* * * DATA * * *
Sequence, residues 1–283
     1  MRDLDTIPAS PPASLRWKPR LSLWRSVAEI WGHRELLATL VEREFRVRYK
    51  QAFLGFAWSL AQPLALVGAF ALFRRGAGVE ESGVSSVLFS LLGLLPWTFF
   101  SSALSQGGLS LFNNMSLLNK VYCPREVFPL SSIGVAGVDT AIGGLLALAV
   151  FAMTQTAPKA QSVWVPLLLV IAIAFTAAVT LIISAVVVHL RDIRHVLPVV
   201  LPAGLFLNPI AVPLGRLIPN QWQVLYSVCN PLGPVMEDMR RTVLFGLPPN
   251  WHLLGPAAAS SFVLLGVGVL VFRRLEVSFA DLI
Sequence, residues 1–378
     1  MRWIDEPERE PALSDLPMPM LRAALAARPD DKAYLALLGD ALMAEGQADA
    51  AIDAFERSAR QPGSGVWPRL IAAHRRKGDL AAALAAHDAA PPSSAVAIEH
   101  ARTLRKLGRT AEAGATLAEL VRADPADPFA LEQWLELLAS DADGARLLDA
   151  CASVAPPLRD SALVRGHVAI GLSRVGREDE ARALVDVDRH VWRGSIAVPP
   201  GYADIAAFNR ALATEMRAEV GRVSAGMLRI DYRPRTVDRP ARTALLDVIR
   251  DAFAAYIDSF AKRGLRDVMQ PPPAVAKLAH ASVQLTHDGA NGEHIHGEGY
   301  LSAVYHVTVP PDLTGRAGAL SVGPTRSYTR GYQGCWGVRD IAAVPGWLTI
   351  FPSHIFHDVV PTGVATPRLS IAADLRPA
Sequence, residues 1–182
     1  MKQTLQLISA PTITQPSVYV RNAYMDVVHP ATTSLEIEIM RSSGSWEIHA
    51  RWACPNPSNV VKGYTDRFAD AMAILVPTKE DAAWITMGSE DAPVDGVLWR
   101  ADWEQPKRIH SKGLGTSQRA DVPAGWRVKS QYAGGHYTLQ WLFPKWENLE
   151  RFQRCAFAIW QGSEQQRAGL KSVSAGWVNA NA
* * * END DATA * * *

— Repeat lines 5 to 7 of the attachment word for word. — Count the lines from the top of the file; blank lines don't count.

   151  FAMTQTAPKA QSVWVPLLLV IAIAFTAAVT LIISAVVVHL RDIRHVLPVV
   201  LPAGLFLNPI AVPLGRLIPN QWQVLYSVCN PLGPVMEDMR RTVLFGLPPN
   251  WHLLGPAAAS SFVLLGVGVL VFRRLEVSFA DLI